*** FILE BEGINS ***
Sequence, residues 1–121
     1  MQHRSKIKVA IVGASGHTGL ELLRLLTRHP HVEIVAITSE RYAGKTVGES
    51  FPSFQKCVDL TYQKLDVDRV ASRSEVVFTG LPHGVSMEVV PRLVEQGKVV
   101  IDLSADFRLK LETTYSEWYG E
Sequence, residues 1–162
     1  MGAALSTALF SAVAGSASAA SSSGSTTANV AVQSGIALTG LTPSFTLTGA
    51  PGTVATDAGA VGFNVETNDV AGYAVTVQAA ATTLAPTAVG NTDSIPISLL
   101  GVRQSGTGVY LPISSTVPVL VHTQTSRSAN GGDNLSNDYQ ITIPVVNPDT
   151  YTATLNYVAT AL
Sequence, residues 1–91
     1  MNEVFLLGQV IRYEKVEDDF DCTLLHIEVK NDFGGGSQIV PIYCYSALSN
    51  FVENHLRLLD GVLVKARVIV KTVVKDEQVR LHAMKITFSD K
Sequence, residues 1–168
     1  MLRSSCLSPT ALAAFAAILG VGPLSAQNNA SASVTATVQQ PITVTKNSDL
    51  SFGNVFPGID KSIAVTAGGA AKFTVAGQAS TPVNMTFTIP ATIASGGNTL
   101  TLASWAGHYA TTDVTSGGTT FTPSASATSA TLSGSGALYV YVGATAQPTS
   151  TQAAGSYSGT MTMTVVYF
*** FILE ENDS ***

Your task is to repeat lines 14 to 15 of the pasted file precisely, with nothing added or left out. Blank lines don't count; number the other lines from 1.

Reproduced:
     1  MLRSSCLSPT ALAAFAAILG VGPLSAQNNA SASVTATVQQ PITVTKNSDL
    51  SFGNVFPGID KSIAVTAGGA AKFTVAGQAS TPVNMTFTIP ATIASGGNTL